Seasoned with Snark or Laced with Grace?
"Gracious words are a honeycomb, sweet to the soul and healing to the bones." Proverbs 16:24 (NIV)
I am kind of a Bible nerd. I not only love to learn the meaning behind the Hebrew or Greek words in Scripture, I also like to study certain English words that catch my attention, drilling down deep to understand why a particular word or phrase is used.
And so when I read today’s key verse, Proverbs 16:24, I grew curious: Why did God use a honeycomb to describe gracious, sweet and healing speech? I needed only to look in my own neighborhood for my answer.
Down the street lives a teenager named Jake. He is a terrific football player and an avid wrestler. However, Jake is also a beekeeper who peddles his amber jars of honey at local festivals and fairs. I decided to interview this high school entrepreneur to discover all I could about the honey-making biz. He was very patient with all of my "whys," and his detailed answers fascinated me.
Jake told me that the flavor and intensity of honey depends on what kind of nectar the bees drink. Clover nectar produces honey that is refreshingly light and sweet. However, another flower’s nectar might create a murky, bitter product, with a lingering, unpleasant aftertaste. Wise beekeepers will be sure their beehive is strategically placed near a large patch of clover if they want the sweetest, most delectable honey there is.
He also emphasized the importance of situating the beehive where the sun will hit it early in the morning, warming up the bees and triggering them to get busy churning out the utmost amount of sweet syrup possible.
"So," I questioned my young friend, "is it safe to say that the sweetness or bitterness of honey is determined by what the bee drinks and the amount of time it spends in the sun — especially early in the morning?"
"Exactly!" he replied.
DING! DING! DING! We have a winner.
Perhaps it’s also true that the sweetness or bitterness of our words will be determined by what our hearts drink in each day, and the amount of time we spend early with the Son.
Today’s key verse states, "Gracious words are a honeycomb, sweet to the soul and healing to the bones." If we long for our words to be laced with grace, rather than seasoned with snark, we need to think like a beekeeper: Watch what we drink and spend time in the Son.
By tucking God’s Word into our hearts — drinking in its life-changing truths daily as we spend time with Him — we can learn to speak gracious words that are sweetly soothing to the soul and bring healing and hope. Scripture read daily, studied often and memorized intentionally can teach us to speak strategically — yes, with words that are honest — but that are also lovingly tucked inside an envelope of grace.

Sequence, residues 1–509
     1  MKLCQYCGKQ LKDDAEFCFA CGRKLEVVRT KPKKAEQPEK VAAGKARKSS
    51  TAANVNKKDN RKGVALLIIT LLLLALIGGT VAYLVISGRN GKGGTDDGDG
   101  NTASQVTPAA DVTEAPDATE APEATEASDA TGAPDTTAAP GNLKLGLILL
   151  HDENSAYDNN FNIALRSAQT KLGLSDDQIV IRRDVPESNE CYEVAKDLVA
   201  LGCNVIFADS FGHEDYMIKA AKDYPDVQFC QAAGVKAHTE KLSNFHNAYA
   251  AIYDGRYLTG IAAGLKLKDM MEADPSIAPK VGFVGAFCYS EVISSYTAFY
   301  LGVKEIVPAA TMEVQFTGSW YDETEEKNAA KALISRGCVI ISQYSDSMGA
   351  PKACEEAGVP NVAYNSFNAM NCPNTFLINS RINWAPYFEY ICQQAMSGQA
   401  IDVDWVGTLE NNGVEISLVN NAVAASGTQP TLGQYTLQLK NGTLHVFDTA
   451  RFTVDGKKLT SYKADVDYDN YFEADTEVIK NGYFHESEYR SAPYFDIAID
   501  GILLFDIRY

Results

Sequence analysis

When we lace our speech with grace, healing takes place.
So when someone else’s behavior threatens to knock the nice right out of us, we can pause before we pounce, taking the advice I sometimes have to give to myself: Don’t say something permanently painful just because you are temporarily ticked off. Instead, impart grace: sweet, healing, life-giving grace.
All the humans you encounter throughout the course of the day are "on-purpose" people. God placed them into your life for a reason. These souls — whether they are the easy-to-love variety or the scratchy sandpaper kind — can be used by God to mold, reshape and sometimes stretch our souls as He perpetually crafts us into creations that look more and more like his Son — especially in the way we speak.
Others are watching, sizing up what we say and how we say it. What will they see? Words that incite spats and squabbles? Or honey-sweet speech that soothes and heals?
Father, I pray I may carve out time to soak in Your presence, spending time in Your Word each day so I might speak and act more like Your Son. In Jesus’ Name, Amen.
TRUTH FOR TODAY:
Ecclesiastes 10:12, "Words from the mouth of the wise are gracious, but fools are consumed by their own lips." (NIV)
Proverbs 10:32, "The lips of the righteous know what is acceptable, but the mouth of the wicked, what is perverse." (ESV)
REFLECT AND RESPOND:
On a scale of 1 to 10, with 1 being "Never" and 10 being "Always," what number would you give yourself when asked how often your words are gracious and soothing rather than short and snippy?
What one thing should you remember when conversing with others, that will help you lace your speech with grace?
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